businesses, consumers, and delivery vehicles. All of these parties rely on one another and essentially use the same curb space to meet their objectives. Businesses need goods delivered to fulfill their customers’ orders and consumers need access to the curb in order to patronize local businesses. There is a finite amount of curb real estate where this interaction occurs and maintaining a balance between these objectives is key. Public policy is the beginning and creates the framework for these interactions. Defined loading zones and parking time limits are examples of policy that creates this framework. Once the policy is created, it must be monitored by operational and enforcement teams to ensure that regulations are being adhered to. Enforcement of the parking rules and regulations is an essential part of a healthy curb environment but let us not oversimplify that process. Enforcement is not just writing tickets for rule violations. These teams often act as the ambassadors and are the face of the parking operations teams. These departments also rely on various technologies to fulfill their duties. A mismatch between enforcement technology and curbside payment of reservation protocols will lead to failure of the program. When considering the relationship the enforcement teams have on this ecosystem, it becomes clear that their involvement in the entire process is a key to success. The mobility infrastructure, whether parking meters, electric scooters, or reservation platforms, are all provided by suppliers with individual business models and objectives. Additionally, companies such as TNCs or fleet delivery companies that access the curb, also have their own business objectives. These business objectives are often in contrast to public policy initiatives, but they must be considered. Electric scooters contribute to the mobility ecosystem by providing users with an alternative to the last mile of their commute. Riders create value for the scooter company through usage and the scooters create value for the rider by adding convenience. But what if the scooters were only stored in designated areas? Would this still be valuable to the rider? Could this erode the business model of the company? Maintaining a harmonious curbside program requires well planned public policy, consideration of the individual businesses and persons accessing the curb, and the ongoing support of the operational or enforcement staff. Concerted effort will be required to develop consensus on the competing segment biases.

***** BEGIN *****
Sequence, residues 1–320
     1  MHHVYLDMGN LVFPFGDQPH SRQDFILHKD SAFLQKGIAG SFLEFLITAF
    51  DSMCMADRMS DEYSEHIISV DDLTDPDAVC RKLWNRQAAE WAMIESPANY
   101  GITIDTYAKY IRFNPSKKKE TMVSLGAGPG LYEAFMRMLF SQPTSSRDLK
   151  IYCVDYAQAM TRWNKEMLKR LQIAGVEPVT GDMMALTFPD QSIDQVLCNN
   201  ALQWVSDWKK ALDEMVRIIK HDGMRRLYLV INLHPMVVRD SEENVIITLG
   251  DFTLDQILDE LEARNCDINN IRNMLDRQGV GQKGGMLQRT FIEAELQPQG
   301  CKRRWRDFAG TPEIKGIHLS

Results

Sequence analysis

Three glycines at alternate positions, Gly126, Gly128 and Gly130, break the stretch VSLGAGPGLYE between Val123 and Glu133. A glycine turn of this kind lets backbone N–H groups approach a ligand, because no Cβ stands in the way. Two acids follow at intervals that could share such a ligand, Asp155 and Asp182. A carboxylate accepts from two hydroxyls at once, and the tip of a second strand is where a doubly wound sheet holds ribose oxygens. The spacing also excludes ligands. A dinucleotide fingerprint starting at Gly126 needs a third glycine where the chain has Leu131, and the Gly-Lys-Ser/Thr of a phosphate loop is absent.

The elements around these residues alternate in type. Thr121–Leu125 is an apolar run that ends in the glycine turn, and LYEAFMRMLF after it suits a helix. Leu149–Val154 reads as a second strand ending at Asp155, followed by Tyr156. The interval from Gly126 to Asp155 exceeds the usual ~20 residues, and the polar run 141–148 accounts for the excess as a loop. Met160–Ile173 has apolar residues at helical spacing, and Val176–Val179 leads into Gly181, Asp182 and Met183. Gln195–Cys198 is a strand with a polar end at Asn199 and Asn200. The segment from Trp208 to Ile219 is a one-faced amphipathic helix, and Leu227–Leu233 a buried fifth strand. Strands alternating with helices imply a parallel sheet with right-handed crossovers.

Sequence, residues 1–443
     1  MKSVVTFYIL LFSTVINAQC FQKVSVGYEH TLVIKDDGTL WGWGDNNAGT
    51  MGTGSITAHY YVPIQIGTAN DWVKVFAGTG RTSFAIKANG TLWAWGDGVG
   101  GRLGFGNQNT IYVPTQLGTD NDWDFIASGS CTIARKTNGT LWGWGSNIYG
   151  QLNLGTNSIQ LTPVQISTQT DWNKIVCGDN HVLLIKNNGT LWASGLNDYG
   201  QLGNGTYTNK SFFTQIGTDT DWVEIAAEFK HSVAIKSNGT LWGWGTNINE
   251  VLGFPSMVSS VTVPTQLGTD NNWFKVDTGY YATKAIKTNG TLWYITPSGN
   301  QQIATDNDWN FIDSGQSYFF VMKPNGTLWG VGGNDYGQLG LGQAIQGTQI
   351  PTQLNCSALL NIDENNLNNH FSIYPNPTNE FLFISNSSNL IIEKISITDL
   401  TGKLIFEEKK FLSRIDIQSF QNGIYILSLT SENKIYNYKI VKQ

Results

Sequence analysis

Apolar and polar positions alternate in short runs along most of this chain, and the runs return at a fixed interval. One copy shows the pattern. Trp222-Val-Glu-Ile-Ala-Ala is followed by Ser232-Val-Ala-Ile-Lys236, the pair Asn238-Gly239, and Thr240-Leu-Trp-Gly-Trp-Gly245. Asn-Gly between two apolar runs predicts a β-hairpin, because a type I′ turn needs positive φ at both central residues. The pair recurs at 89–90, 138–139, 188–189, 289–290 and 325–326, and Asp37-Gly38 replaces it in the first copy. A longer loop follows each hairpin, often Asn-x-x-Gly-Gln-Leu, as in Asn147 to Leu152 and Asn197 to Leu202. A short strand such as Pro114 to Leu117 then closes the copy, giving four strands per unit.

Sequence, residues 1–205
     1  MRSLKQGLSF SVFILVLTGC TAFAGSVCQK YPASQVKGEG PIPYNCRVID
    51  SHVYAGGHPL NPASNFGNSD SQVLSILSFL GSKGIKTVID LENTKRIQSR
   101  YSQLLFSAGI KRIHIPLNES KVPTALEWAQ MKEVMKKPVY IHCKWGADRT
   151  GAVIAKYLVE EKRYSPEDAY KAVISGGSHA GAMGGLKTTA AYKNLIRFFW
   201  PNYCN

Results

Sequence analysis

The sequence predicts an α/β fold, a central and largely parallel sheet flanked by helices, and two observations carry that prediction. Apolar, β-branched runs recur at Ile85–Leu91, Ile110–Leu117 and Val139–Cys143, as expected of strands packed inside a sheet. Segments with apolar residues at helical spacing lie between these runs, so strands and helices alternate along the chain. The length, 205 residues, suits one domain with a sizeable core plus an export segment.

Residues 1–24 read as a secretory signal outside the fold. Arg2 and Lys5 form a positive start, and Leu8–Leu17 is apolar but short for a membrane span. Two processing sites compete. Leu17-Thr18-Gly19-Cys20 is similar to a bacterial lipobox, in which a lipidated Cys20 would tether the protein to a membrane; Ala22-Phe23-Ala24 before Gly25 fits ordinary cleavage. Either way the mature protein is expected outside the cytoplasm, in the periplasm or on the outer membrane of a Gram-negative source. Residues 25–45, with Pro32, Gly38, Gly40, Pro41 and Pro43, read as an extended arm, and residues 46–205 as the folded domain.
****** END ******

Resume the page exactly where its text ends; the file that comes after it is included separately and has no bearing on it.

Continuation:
What Does it All Mean? All parties come to the curb discussion from a point of bias. Maybe we even came into this article with some bias. Parking people want to keep parking rather than redistribute it
to public transportation and TNC needs. Public transportation and TNC segments are primarily focused on dropping and picking up passengers regardless of the curb disruption. Micro-mobility segments want valuable permanent curb space even if it is only used a portion of the year in cold weather cities. And development segments focus on driving new projects at the expense of increasing curb congestion. All needs are valid and necessary but if the proper mix is not chosen, unintended consequences can derail a municipality’s larger goals of economic growth. To create effective curbside policy there must first be a full understanding of the curbside activity. Currently, most efforts rely on limited data to make costly policy changes. Incomplete or inaccurate data provide the conditions for segment biases to drive policy rather than authentic real time information. Policy needs to match the actual activity, not to perceived activity. Data points that outline the actual activity is the beginning to matching policy with activity and will the springboard for intelligent technological decisions. Many parties have influences on the curb and understanding all the stakeholder needs is critical. One must also think through the cause and effect of policy decisions. Care must be taken not to forget about income and ADA constituents needs as we work to solve the every changing curb usage requirements. Failure could create two classes of people; those who access congested centers and those for which access is challenged. Key in solving this dilemma is the establishment of a priority list. Deciding upfront what the key objectives and priorities are will keep the ongoing policy decisions within the determined roadmap. Every segment needs to be examined within this roadmap and access should be based on data to ensure that space most efficiently used to support all curb segments. Understanding that each area may have a different set of priorities is an important realization. ◆ KEITH HUTCHINGS is director of the municipal parking department for the City of Detroit, Mich. He can be reached at firstname.lastname@example.org.
CHRISTOPHER PERRY, CAPP, is principal with ParkTrans Solutions, LLC. He can be reached at email@example.com.
PARKING-MOBILITY.ORG / JULY 2021 / PARKING & MOBILITY 35